6 periods, 45 minutes in length
Variety of plant cuttings, watercolor paper cut into to long verticals, watercolor sets, markers, brushes, watercolor cups
Alternative method (purple example) was created in photoshop with scanned sketches and would require a scanner, computer and program such as Photoshop to execute
The objective was to have students
1) Learn and apply contour line drawing.
2) Learn and apply calligraphic line
3) Explore water based media, Crayola markers and traditional pan watercolor sets
Students learn about contour line drawing. Warm up activities include the traditional blind contour drawing of hands. First, demo drawing a blind contour drawing of your own hand on the board. Then have students do a couple of timed studies, second one being a modified blind contour (allowed to glance). For the completely blind contour drawings consider having students place their drawings in a brown paper grocery store bag to help student not look. Students have to be encouraged to really look, concentrate and draw SLOWLY. The next day I have students do a warm up in their sketchbook but this time we work from a plant cuttings that are set out in vases at each table and they draw with thin point Crayola markers. I suggest Students are then shown how the media is water soluble and the color can be spread and manipulated with a wet paint brush. Students experiment with that in their practice sketches.
Students are provided a long sheet of good quality watercolor paper and carefully use a fine tip crayola marker to do a modified blind contour drawing of a plant at their table. I find the long vertical improves their compositions and works with the overall shape of the long plant cuttings. Students do a second modified blind contour drawing of a different plant the next day in a second color. They can think about the composition as they draw the plant and if happens to overlap with the first one, great. Some students may even add a third depending on the size of their drawing and use of space. Students are encouraged to draw life size or even larger.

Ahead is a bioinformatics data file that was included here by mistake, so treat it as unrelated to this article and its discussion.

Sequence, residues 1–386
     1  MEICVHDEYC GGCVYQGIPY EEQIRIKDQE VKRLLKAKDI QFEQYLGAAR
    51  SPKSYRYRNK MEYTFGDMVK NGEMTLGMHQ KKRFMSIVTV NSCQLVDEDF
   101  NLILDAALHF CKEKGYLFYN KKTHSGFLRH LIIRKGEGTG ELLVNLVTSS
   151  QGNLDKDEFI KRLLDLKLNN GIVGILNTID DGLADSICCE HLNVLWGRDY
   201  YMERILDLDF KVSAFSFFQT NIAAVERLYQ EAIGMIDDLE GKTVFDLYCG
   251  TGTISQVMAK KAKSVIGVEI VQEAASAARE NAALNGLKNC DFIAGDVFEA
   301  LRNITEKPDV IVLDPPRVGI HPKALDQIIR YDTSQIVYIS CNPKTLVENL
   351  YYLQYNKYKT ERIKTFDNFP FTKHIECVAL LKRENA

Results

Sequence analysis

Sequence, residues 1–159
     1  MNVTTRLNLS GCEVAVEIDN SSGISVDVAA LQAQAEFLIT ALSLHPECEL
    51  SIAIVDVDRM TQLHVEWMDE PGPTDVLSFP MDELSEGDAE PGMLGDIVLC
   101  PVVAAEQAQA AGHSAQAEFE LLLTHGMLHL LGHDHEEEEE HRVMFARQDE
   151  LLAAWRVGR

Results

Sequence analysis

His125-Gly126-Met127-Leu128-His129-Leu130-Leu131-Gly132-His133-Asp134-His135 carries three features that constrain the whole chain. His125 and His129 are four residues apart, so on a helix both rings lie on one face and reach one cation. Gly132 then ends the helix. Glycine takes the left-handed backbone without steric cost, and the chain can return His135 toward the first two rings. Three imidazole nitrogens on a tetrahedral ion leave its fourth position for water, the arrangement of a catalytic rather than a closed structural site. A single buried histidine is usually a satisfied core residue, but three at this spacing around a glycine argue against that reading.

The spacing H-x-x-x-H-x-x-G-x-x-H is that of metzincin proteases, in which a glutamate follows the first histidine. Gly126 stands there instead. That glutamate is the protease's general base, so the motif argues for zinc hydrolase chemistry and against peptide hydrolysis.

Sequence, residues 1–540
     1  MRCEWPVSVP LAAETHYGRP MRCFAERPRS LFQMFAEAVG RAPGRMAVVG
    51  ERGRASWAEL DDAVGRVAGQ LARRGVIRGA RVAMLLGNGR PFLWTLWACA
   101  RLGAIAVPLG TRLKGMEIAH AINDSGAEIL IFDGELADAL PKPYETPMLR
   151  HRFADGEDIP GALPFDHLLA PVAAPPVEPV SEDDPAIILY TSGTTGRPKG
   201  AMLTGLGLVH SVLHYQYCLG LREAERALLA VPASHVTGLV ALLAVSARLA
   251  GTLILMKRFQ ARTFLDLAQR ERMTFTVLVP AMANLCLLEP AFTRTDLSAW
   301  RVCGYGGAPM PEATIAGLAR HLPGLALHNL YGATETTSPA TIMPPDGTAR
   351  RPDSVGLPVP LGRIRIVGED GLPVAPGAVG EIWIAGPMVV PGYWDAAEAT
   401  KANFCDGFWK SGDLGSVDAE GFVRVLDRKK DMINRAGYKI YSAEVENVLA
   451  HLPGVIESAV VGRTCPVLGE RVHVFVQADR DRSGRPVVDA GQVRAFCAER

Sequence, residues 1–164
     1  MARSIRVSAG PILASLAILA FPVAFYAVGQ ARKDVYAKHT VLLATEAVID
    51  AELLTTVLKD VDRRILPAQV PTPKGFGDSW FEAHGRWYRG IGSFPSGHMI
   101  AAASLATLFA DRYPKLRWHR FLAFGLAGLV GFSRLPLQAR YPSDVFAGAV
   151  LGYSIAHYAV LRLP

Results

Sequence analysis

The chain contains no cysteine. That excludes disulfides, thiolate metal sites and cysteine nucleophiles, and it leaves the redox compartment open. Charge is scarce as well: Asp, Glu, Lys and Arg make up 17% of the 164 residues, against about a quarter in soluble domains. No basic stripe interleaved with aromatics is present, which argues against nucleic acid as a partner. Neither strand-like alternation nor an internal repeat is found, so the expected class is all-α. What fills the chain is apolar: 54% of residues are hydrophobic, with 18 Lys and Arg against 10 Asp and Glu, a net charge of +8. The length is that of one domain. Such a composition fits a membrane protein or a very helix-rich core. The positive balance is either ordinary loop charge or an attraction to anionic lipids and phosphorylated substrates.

Students can start working with water to extend the color from the water based marker into the plant or the background. I also show students how to spritz their piece with a spray bottle of water for some interesting effects. In the example for this lesson you see this was actually done after the first drawing as the second doesn’t have the bleeding. I usually encourage this to be attempted towards the end of the period and the work needs to be on a board for it to be easily transferred to the a drying rack.
Next, we talk about calligraphic line defined as a “line or a group of lines either derived from or resembling letter forms and characterized by qualities usually associated with cursive writing, especially that produced with a brush or pen.” Students go back to practicing in their sketchbooks with creating thick and thin lines with various brushes. Students will work in a complementary calligraphic line style into the background of the piece. Students can use pan watercolors for washes in the background or even for touches of color in the plant itself. I also show students how to add salt to create textural effects. We also take about how to keep the lines from competing by color selection and by allowing the plant colors to stand out while the background color and lines might be more muted.
Drawing on the Right Side of the Brain, by Betty Edwards, J.P. Tarcher, Inc., Los Angeles, Distributed by Houghton Mifflin Company, Boston, 1979.
Author & Website/Blog